the fastest 97 shooters pull 4 at a time .that said most of the time i shoot

my SXS . one thing about the double not much can go wrong when shooting

one .When things go south with a 97 they go down hill fast .It is hard to keep

a 97 running perfect so most shooters have at least 2 ,so they have a back up.

Expect to need to practice more with your shot gun than any other gun its where

the biggest learning curve is! Good luck and welcome to the game.Diablo ;)

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Thanks Coal Car Kid,

 

That actually helps quite a bit. I just bought some bulk .45 LC, but was a little worried about the 12g as I'm about tapped out and thought I might need #4 or above. But since I've had an 870 around for a while I do have a lot of #6 and #8 laying around that I can use for the 97. I guess if you're doing a left hand load you keep the right hand on the grip and if you're doing a right hand you keep the left on the forearm, in both cases keeping the weapon at your shoulder?

 

Is there much difference in the shell carriers that are out there? Also, since I don't have a carrier any suggestions on holding the shells? I hate to just keep them in my pocket, but I may not have much choice for a while.

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Thanks for the info Slim, I appreciate it as well. I'm a little surprised that the shotgun would be the one that would require the most practice (not disagreeing, just surprised). I would have thought it would be the revolvers. I guess in part it depends on what your prior experience is? I've never fired a single action revolver, so I expect I will have a steep and long learning curve. Shotguns and rifles on the other hand have been a part of my life for a while, although not lever action rifles. The reload on the shotgun will be an issue I'm sure as I haven't ever had to try to do that fast.

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Guest diablo slim shootist

"The reload on the shotgun will be an issue I'm sure as I haven't ever had to try to do that fast."

Yep-but thats the fun part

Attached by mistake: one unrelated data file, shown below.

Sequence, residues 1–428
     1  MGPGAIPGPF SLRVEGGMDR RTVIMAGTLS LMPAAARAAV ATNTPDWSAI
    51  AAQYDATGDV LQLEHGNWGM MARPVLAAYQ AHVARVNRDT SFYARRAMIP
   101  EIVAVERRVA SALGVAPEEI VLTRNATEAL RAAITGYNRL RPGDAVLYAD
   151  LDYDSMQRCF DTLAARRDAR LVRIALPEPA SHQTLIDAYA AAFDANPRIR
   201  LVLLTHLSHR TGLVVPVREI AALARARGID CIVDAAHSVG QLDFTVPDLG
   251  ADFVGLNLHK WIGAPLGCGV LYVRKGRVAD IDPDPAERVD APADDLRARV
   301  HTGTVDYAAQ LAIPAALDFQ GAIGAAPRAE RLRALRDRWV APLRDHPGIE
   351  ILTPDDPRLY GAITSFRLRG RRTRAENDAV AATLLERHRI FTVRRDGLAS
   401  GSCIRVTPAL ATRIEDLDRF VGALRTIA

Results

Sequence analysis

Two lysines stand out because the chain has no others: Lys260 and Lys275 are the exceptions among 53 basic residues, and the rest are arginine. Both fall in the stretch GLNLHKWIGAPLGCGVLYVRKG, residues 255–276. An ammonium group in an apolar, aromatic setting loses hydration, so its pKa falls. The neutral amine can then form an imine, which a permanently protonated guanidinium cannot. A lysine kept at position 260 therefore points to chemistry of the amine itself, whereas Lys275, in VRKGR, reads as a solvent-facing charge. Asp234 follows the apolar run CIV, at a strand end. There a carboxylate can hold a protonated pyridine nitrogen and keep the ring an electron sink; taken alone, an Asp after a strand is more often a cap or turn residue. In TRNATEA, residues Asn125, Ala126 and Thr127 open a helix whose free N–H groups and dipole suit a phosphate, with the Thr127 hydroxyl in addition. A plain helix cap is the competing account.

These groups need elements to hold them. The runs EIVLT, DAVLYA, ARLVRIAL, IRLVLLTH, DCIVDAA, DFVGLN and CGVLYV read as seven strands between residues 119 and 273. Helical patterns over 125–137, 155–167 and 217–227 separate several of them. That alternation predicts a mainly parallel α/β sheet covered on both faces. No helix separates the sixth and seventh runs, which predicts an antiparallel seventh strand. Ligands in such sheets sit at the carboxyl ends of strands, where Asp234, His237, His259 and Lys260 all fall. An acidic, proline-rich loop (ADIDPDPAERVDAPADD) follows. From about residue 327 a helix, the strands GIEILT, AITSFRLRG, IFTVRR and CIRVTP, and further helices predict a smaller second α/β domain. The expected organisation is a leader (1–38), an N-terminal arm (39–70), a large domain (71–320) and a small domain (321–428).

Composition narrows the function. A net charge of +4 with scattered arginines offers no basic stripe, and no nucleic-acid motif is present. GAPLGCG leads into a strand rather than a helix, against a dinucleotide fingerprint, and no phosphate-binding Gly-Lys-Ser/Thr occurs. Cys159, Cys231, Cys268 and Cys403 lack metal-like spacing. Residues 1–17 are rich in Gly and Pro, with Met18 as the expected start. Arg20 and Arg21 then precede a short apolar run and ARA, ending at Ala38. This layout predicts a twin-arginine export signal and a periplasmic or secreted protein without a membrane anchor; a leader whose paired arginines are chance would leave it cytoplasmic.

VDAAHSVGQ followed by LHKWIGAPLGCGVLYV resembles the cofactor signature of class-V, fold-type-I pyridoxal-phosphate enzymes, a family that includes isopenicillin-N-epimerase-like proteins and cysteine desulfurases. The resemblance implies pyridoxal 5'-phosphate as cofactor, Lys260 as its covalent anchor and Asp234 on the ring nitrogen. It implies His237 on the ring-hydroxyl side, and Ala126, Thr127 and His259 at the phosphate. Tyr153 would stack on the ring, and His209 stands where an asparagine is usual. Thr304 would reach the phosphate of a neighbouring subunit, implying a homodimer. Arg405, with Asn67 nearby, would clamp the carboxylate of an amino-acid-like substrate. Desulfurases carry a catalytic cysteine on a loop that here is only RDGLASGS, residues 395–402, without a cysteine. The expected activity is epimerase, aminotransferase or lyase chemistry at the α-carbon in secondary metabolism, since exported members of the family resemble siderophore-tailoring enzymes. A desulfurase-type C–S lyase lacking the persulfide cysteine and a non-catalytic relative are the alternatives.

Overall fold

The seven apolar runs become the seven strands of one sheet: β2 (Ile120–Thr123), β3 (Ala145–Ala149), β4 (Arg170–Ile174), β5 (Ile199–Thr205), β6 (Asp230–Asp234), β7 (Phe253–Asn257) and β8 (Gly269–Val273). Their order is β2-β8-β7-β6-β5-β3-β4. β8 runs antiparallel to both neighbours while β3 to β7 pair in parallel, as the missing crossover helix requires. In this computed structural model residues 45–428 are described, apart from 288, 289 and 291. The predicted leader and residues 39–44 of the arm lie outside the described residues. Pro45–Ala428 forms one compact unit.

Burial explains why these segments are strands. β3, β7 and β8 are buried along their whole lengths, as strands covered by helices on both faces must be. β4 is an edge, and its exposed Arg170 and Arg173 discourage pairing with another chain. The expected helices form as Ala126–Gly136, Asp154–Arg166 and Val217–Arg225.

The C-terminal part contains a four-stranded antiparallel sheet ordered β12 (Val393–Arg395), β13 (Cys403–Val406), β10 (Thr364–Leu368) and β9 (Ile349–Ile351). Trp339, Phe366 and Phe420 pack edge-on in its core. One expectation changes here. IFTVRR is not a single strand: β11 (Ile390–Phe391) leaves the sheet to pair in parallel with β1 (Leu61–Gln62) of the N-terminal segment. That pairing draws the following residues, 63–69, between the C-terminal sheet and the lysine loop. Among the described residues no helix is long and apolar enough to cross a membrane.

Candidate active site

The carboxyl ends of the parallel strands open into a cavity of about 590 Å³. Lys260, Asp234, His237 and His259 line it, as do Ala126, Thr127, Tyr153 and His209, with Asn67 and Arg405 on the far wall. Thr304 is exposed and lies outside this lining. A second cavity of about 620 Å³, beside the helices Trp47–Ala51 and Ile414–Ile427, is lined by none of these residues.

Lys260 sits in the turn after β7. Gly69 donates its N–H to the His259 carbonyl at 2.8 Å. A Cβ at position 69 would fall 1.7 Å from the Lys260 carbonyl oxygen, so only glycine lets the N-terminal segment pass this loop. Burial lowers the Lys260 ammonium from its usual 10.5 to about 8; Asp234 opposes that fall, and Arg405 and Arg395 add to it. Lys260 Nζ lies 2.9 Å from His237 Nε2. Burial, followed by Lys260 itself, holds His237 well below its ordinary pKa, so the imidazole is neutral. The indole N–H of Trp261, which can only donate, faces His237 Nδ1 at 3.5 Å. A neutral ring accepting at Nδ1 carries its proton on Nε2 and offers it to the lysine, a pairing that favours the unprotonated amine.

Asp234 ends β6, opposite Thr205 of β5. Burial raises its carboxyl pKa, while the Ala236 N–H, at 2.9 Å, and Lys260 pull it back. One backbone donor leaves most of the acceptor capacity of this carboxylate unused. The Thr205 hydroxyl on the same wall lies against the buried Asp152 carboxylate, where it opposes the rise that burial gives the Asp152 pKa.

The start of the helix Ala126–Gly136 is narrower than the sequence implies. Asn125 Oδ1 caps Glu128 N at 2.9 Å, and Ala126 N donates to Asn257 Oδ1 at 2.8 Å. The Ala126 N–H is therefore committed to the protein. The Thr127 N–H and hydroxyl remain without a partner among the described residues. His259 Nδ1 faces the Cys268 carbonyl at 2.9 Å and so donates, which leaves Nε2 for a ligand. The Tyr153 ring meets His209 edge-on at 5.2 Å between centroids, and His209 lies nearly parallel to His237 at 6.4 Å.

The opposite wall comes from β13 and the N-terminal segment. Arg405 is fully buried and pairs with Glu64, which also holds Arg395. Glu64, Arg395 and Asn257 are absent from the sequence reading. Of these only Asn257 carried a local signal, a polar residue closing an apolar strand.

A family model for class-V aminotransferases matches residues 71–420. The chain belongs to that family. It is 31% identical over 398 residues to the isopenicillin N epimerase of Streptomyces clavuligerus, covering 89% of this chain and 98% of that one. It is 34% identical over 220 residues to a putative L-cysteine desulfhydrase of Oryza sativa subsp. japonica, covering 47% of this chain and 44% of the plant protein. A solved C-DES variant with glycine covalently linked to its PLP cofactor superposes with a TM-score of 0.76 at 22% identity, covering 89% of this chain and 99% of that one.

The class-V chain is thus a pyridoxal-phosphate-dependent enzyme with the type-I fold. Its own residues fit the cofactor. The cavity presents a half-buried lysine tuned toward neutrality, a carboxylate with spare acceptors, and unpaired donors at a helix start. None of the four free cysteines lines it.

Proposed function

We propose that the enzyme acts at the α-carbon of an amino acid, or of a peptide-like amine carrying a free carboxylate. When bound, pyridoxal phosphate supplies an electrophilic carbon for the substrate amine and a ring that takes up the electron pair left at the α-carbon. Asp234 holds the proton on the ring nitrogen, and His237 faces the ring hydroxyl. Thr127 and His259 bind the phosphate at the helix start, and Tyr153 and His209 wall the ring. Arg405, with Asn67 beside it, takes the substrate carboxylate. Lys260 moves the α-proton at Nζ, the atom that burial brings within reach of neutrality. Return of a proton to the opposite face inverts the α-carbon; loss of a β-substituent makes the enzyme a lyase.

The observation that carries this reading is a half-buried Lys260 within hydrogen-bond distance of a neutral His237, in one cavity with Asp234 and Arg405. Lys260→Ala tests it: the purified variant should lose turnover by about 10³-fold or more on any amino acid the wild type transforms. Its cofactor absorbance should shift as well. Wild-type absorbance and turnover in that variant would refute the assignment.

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Is there much difference in the shell carriers that are out there? Also, since I don't have a carrier any suggestions on holding the shells? I hate to just keep them in my pocket, but I may not have much choice for a while.

 

Welcome.

 

Triple K has some leather belt slides for shotshells... as do most of the other makers. Varying designs, all generally work OK. Or you look at a whole shotshell belt, worn in addition to your gunbelt; some of the canvas belts with leather shell holders might be in your price range.

 

-Chris

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Thanks for the welcome Chris.

 

The holsters and belt I have on order are Triple K, so it's good to know I could get something to match at some point. From looking at the pics of the belt I expect the slide won't have much room so I may have to do as you said and get a whole shotshell belt.

 

Any thoughts on Triple K? I know they are probably not the top of the line type stuff but are they pretty decent entry level leather products?

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When I started out 15 years ago I carried my shells in my two pockets of my Horsefly cowboy shootin' shirts. The secret to this is to have a folded up bandana in each pocket. Then you stand the shells up with the base up between the inside fabric of the shirt and the bandana. When you go to the line pull the shells up where you can snatch them easier. A wide pocket will hold 5 and a regular pocket 4 giving you 8 or 10 shells available which is usually sufficient. That said, any cheap-o shotgun belt will be superior. Best yet is the Tupelo Flash bandolier.